How to Build Strategic International Relationships
Just learning how to shake hands doesn’t make you culturally
aware. A few learned copy-cat mannerisms and a couple opening
lines will not put the global executive into the good graces of
their regional leaders. It used to be fine, considering the small
amount of time that leaders spent abroad. But more and more, as
we see top-level local management strategies that have transparent
relationships with each other for alignment and success, building
relationships that are strong and solid are absolutely essential
in today’s highly competitive marketplace.
In Japan, during the 1980’s boom years, foreigners were falling
over each other to grab some of the success that Japanese businesses
had created. Many managers learned a little bit of the language,
how to eat soup, etc., but they missed a great opportunity to
build real bonds. Unfortunately, those bonds could have also helped
the Japanese businesses during the ‘90’s.
Today, we are in the midst of a series of dynamics such as, rising
new economies, immediate access to customers and speed decision
making, so creating and nurturing long lasting connections is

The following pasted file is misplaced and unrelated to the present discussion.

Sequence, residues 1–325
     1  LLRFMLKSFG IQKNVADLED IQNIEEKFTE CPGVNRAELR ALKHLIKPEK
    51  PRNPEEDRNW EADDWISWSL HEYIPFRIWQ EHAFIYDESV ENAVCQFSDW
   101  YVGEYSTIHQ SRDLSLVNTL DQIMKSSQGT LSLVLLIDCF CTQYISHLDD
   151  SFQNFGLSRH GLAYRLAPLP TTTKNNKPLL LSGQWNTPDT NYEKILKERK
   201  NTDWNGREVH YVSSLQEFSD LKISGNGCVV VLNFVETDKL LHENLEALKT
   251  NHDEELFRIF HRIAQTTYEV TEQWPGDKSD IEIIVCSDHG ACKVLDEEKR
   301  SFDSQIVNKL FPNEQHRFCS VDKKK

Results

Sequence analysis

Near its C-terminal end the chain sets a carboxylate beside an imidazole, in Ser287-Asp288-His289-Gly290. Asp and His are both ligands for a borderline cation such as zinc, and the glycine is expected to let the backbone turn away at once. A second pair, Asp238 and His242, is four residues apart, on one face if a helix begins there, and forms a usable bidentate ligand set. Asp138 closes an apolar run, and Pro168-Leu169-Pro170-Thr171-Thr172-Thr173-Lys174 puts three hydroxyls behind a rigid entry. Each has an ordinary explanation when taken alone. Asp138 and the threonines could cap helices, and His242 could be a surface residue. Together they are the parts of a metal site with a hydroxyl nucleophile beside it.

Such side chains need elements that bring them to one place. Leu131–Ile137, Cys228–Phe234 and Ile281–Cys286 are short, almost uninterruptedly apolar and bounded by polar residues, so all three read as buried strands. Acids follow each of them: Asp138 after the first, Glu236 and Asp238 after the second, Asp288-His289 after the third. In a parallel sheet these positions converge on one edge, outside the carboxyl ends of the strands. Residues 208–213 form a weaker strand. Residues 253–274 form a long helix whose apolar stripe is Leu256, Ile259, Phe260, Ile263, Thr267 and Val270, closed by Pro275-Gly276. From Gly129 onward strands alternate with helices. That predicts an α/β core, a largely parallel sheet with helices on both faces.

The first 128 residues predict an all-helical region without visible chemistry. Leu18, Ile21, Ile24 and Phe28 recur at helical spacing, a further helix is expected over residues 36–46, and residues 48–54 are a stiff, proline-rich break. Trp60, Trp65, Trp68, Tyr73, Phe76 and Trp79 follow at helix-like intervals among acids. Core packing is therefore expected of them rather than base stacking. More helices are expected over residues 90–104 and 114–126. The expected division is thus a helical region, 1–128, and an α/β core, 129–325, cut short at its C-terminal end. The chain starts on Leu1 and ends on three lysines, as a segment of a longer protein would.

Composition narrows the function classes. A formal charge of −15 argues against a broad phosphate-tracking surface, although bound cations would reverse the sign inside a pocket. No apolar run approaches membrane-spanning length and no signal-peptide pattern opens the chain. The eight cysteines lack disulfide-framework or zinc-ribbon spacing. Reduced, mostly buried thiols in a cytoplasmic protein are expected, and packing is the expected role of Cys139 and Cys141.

a must. Maya Hu-Chan of the Global Leadership Development Center
so correctly states, ‘In my work with multinational corporations,
my global clients have often pointed out that building partnerships
is one of the most important competencies for global leaders of
To develop powerful partnerships and prevent problematic situations,
integrate these five pieces of advice.
· Have a real interest in other cultures and learn about
them through food, the arts and music, literature and the areas
that give uniqueness to their place the human experience.
· Build partnerships wherever you go with ease. You never
force a friendship. You develop it. Become an open access point
of assistance to your host reports, superiors and especially those
horizontally. Encourage others to do the same.
· Listen, Listen, Listen! This may be one of the great
challenges for human beings, but it is an essential skill for
trust. Don’t just listen with your ears, but apprehend the individual
with all of your faculties. Go beyond their special behaviors
and reach for what they are trying to communicate.
· Never be patronizing. This may be very difficult for
some cultures that have been taught they are the best. Be careful
not to appear paternal or on a higher level than other people.
Also pay close attention to how you phrase comments about their
culture. This is also true for spouses of expatriates.
· Get out of your shell. The higher you go up in an organization,
the more insulated you become. Mingle with different people with
different interests and you will be well prepared to meet the
exciting challenges of interacting with all types of personalities
from all over the world.
By putting these five points into action will give you a basis
for working in all environments and with all cultures. Of course,
each culture has unique aspects that give them their own perspectives
on business and life, and we are all unique individuals with unique
behaviors, but having a real sense of how we can make deeper connections
profoundly helps us move forward together.
by John Astor